Can you teach and learn entrepreneurship?

I always felt bizarre within this emerging “industry” of entrepreneurship. After all, I consider myself a practitioner without much success up until now (up until now). Practitioners do not believe much in business academics and academics think they can explain, at least partially, the phenomenon. Actually, in my point of view, anyone can explain, at least partially, a social phenomenon, even if you use the most rigorous method available. I particularly like taxi drivers’ partial explanations of social phenomena, for example. So, I tend to give more credit to practitioners because at least they tried the things they say. I have met a lot of business people during the last 15 years and there is a justified controversy in the possibility of teaching and/or learning anything about entrepreneurship.

Academics, of course, must justify their salaries by swearing that it is possible to teach such a thing, or at least sparking the entrepreneurial spirit in people, whatever that means. I partially agree with them (here it comes this damn “partially” again). This very same dilemma is found on professors or speakers that teach people on how to make money in the stock exchange, for example. After all, if they know how to do that, why don’t they make money on the stock exchange instead of teaching?!?

Well, the answer is not that easy, like most of the things in life but is not encouraging as well. Last year, I went to an academic meeting about entrepreneurship and a very funny discussion came along. What do professors of entrepreneurship should answer if students question their ability to teach something they never did? That is a very pertinent question because 90% of the professors of entrepreneurship in the world never had a business in their lives (I already had 3, yeees! but I they were not innovative businesses and I barely made money with them, noooo!). Well, some may have worked as consultants for companies but I do not consider that a work, that is just a noble self-employed experience (anyone can give advice don’t you think?). Some professors had that answer on the tip of their tongues. According to them, the best golf player in the world may not be the best golf professor in the world. On the contrary, he may end up being a regular professor while another person, who studied and compared the movements of the best golf players ever but was never a good player himself can be a great professor. Good answer! Recently, I heard a much funnier version of this story told by a late Brazilian sports commentator who was also a great writer, Armando Nogueira. In fact, that is why I remembered this story in the US. According to him, “the sports commentator is like an eunuch in the harem: he knows everything about the sport but do not know how to play it”. Ahahahahah, that is a great and very Brazilian definition of this kind of situation!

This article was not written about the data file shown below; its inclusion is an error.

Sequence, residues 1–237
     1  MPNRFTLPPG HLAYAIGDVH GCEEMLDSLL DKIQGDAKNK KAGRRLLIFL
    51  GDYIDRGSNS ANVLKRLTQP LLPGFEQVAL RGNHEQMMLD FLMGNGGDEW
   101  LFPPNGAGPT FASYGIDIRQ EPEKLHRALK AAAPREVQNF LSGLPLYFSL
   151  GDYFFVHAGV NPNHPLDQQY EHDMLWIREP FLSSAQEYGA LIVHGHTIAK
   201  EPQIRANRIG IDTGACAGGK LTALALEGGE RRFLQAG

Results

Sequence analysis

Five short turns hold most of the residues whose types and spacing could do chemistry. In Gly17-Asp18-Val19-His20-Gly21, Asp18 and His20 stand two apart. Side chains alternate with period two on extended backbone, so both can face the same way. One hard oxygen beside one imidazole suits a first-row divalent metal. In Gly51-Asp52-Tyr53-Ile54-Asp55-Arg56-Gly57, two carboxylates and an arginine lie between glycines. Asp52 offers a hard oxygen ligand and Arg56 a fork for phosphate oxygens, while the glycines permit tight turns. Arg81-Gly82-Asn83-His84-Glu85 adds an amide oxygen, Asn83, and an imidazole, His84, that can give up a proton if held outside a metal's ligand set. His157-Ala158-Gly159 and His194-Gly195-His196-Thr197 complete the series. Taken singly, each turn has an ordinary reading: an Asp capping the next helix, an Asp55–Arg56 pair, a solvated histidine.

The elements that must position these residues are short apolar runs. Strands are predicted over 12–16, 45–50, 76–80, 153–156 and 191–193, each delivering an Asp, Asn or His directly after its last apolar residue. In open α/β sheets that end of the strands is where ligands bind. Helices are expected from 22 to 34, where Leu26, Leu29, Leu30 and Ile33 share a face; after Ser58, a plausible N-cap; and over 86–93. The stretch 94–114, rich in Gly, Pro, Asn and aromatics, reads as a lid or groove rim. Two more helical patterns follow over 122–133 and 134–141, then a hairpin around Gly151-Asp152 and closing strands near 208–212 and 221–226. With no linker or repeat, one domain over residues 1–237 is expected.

I have to agree with these guys, their arguments are good, but still not enough I think, because it is frightening knowing that as an entrepreneur you can lose everything, injure people, degrade nature, etc, due to bad decisions you make. And this kind of things are very difficult to explain (although not impossible).

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